80-six current and former Yale University students have been named in two identical lawsuits over a fatal collision that occurred at the tailgate of the 2011 Harvard-Yale football game.
One woman was killed and two other bystanders — a Yale student and a Harvard employee — were injured after a Sigma Phi Epsilon fraternity brother lost control of the U-Haul truck he was driving to the fraternity’s tailgate area. Now, the Yale Daily News reports, the injured student and the estate of the deceased woman have filed distinct identical lawsuits “individually naming all the students who were members of the Yale chapter of the fraternity at the time of the crash, regardless of whether or not they were present at the tailgate.”
According to the Daily News, the national fraternity has severed its ties with the local chapter for this case, saying that they have no legal connections to each other. The national organisation’s insurance agency will also not cover action from the Yale chapter.
“[The local chapter] has been thrown under the bus … by the national fraternity, so the only remedy that our client has is to sue the local fraternity,” one of the victims lawyers told the Daily News. He said that in 20 years of practicing, he had never seen a fraternity abandon its members.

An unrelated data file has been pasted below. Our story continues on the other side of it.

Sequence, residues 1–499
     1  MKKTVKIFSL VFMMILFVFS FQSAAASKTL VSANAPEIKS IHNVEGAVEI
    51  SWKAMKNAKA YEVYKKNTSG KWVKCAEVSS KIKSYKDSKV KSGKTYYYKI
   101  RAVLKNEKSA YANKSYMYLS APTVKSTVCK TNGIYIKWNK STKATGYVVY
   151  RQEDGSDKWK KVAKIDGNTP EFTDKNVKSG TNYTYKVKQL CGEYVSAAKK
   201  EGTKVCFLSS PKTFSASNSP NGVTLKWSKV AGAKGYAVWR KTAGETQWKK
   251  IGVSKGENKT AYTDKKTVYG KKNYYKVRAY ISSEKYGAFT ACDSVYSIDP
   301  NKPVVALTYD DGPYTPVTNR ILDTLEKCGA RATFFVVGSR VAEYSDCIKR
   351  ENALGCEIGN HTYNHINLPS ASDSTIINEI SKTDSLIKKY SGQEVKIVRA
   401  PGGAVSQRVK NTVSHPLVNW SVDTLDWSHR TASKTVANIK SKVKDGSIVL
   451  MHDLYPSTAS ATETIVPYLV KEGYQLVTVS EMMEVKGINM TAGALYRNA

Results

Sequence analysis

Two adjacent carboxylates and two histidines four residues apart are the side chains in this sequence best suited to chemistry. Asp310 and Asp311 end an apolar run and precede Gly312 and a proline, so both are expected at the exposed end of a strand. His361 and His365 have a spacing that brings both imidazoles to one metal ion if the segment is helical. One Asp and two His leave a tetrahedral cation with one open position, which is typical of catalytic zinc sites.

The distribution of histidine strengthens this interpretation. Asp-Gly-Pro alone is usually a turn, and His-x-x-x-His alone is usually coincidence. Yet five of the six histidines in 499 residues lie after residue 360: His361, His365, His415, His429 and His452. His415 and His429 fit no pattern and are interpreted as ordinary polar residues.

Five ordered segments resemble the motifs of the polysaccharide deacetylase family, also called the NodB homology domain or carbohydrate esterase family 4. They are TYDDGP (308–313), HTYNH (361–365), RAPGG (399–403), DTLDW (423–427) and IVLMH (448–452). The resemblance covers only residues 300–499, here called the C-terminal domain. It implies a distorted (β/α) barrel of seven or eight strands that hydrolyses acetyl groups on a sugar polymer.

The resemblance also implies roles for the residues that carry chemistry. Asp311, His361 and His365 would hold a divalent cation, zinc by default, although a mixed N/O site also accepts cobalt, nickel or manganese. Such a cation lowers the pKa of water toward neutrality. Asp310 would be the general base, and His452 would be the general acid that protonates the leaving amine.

This is, to say the least, an unusual situation.
The other lawyer who filed suit against the Yale students told the Daily News, “I have no doubt that each and every one of [the members in 2011], in paying dues to the national organisation, had an expectation that the national organisation was going to get them the insurance coverage they needed and was going to stand with them.”
However, the fraternity may be helping the students behind the scenes, as 84 of the defendants are now represented by the same attorney, which was likely arranged by the national organisation.
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